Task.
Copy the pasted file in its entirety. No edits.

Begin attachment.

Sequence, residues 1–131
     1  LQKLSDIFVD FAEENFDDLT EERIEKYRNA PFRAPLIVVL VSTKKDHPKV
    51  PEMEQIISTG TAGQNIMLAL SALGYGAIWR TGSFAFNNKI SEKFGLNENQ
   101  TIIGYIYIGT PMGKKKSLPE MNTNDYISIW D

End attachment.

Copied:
Sequence, residues 1–131
     1  LQKLSDIFVD FAEENFDDLT EERIEKYRNA PFRAPLIVVL VSTKKDHPKV
    51  PEMEQIISTG TAGQNIMLAL SALGYGAIWR TGSFAFNNKI SEKFGLNENQ
   101  TIIGYIYIGT PMGKKKSLPE MNTNDYISIW D